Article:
Winds of Change Art Exhibit Brings Hundreds to Malaspina Theatre

Winds Of Change

Artist Daniel R. Elliott discusses his exhibition Winds of Change.

November 9, 2021 - 8:00pm

Indigenous artist Daniel R. Elliott wants to take people on a healing journey. But first, he’s asking people to confront the history and impact of residential schools head on, and not look away.

His paintings in the Winds of Change exhibit series were on display in the Malaspina Theatre lobby at VIU’s Nanaimo campus from October 1 to 13, 2021. More than 600 people, including several school groups, came through the lobby during that time to view the exhibit.

Elliott received a grant from the First Peoples’ Cultural Council to paint this body of work, which takes viewers through a curve of emotions – from beautiful, pre-contact scenes, to the impacts of colonization, to the artist’s vision of how reconciliation can happen.

“My art is about helping people forge a new relationship,” said Elliott. “I’ve tempered all this pain and sorrow with hope. That was hard to do. I want to explore how this healing can happen, how we can bridge Canadian educational structures with Indigenous knowledge, how we can find a way to put that together in a good way.”

Dr. Sharon Hobenshield, former Director of VIU’s Office of Indigenous Education and Engagement, which spearheaded this initiative, said hosting this exhibit was a tangible way to engage the wider community in the truth and reconciliation process.

“The horrific discoveries of unmarked graves at former Residential School sites were revelations to many who now feel the imperative to educate themselves further on the realities of Residential Schools and the impact of systemic racism in this country,” she said. “This exhibit was a powerful medium for people to learn and, more importantly, feel. Engaging with the emotional and uncomfortable is necessary to action reconciliation and I am grateful to Dan for sharing his journey in this process through his art to inspire change.”

Elliott started painting at a young age, encouraged by his mother. After winning top prize for his artwork at the Vancouver Island Exhibition one year, he attracted the attention of Michael B. Gergley, an internationally known artist who taught at the Royal Hungarian Academy of Fine Arts in Budapest, Hungary. His family traded landscaping for formal instruction.

Living around Nanaimo and Ladysmith his whole life, Elliott has had several rewarding careers, all the while painting and selling his artwork on the side. He was a commercial fisherman for 25 years, working with Indigenous youth in the public school system on the off season, before he took training through Tillicum Lelum Aboriginal Friendship Centre to become a counsellor.

Now a National Native Alcohol and Drug Prevention Worker at Stz’uminus First Nation, Elliott focuses on cultural healing and one-on-one work with his clients. Each of these careers has helped shape his artwork.

Elliott, whose father is from Stz’uminus First Nation and mother is Scottish, has always felt like he was straddling two worlds. In the 1990s, he went through a spiritually transcendent experience in a sweat lodge that allowed him to feel, for the first time, at home with who he is as an Indigenous person of mixed ancestry.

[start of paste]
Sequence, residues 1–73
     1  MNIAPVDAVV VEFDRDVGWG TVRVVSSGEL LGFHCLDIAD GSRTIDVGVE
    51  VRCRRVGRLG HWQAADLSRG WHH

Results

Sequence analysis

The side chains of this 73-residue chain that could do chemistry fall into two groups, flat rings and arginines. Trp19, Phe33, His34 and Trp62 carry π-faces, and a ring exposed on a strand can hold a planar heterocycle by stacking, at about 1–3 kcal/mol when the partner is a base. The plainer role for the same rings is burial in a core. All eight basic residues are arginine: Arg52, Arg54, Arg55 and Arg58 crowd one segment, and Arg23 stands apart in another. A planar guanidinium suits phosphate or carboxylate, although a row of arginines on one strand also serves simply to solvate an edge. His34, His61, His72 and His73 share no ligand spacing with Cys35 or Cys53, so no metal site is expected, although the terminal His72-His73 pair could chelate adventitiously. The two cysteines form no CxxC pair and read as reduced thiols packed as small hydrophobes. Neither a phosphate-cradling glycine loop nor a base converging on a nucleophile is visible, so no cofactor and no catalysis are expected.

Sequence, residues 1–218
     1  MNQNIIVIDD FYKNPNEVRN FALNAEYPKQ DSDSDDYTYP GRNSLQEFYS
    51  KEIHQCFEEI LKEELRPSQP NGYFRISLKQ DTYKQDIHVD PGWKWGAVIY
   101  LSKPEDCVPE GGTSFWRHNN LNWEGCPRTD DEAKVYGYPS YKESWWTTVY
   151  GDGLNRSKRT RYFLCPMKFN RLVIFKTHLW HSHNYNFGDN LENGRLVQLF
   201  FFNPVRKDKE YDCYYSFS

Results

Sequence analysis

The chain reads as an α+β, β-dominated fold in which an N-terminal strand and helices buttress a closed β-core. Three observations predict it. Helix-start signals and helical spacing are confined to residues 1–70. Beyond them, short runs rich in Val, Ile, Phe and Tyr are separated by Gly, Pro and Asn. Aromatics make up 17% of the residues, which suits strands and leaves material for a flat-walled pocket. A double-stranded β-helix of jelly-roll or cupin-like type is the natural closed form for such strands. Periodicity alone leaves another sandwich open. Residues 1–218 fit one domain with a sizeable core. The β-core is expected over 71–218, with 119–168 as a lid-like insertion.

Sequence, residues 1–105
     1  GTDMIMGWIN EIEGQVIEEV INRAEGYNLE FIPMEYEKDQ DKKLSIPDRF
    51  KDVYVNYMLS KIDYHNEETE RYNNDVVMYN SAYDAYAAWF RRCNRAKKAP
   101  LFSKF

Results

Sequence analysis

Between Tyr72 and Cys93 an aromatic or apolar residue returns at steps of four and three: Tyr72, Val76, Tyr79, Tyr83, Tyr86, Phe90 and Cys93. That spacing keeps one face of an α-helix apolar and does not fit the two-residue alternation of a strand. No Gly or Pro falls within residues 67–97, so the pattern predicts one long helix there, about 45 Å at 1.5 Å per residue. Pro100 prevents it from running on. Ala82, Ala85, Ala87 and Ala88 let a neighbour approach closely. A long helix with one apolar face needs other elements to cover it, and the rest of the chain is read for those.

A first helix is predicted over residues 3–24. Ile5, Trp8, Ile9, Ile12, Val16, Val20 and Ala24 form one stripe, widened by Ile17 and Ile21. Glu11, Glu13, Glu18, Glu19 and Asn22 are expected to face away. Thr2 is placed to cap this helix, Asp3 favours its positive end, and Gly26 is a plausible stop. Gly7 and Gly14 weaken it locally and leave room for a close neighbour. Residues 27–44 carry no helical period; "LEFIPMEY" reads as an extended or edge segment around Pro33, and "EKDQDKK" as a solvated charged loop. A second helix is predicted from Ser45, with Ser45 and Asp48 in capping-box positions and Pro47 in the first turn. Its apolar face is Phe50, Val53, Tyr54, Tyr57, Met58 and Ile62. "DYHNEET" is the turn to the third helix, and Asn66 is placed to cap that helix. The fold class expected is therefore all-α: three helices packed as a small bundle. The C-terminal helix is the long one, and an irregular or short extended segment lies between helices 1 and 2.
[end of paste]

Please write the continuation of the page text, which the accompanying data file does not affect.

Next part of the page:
“I came face-to-face with a collision of cultures in the Spiritual realm,” he remembered. “All the negative messages that I heard throughout my life about Indigenous people were cleansed and dissolved from my being. This was my truth and reconciliation of my own being.”

The name of the exhibit, Winds of Change, comes from childhood memories of commercial clam digging on Cortez Island with his family on long, hot summer days. Reprieve came in the form of the breeze that signaled the tide change, which meant that soon they would be done for the day.

“It’s a change of direction,” he explained. “I want to help people to not look away, help people understand. Winds of Change is saying this with a loud voice through colour and texture.”

Shores of Indifference

“Shores of indifference” (106.68 cm x 165 cm)

"The 2008 apology opened up a ground-breaking connection between non-Indigenous and Indigenous peoples. This world is exposed in a way that has never been seen since colonization took place. The Matriarchs (Indigenous women) have taken charge and I honour them. From Children to Elders. Pictured: Ellen White, Cindy Blackstock, Jody R. Wilson, Marie Batiste, Autumn Peltier and Angelina Sealth." - Artist Daniel R. Elliott 

smoke of torment

“Smoke of Torment” (70.8 cm x 50.8 cm)

"Created to honour of what our grandmother Matilda (Harris) Elliott endured at Kuper Island Residential School as a child. She never spoke of her experience there to us as children. The smoke of torment is all the pain, anguish, policies, hurt, fear, and genocides of children, culture and Spirituality being let loose when the school came down in 1975. The Creator in the form of an eagle is ripping off the roof, letting loose all that never belonged." - Artist Daniel R. Elliot


“Thuqmin” (52.7 cm x 72 cm)

"Thuqmin means a place where you spear fish off the rocks. I drive by this road every day on my way to the Stz’uminus First Nations Health Center where I work. Thanks to my formal training from Michael B. Gergley, I am able to transition to other art styles. Modernism is an art form the 1800s to the mid-1970s. I decided to be playful, creating a sense of abundance, cultural teachings and the embodiment of our connections to how and what we gathered for food." - Artist Daniel R. Elliot

Tags: In the Community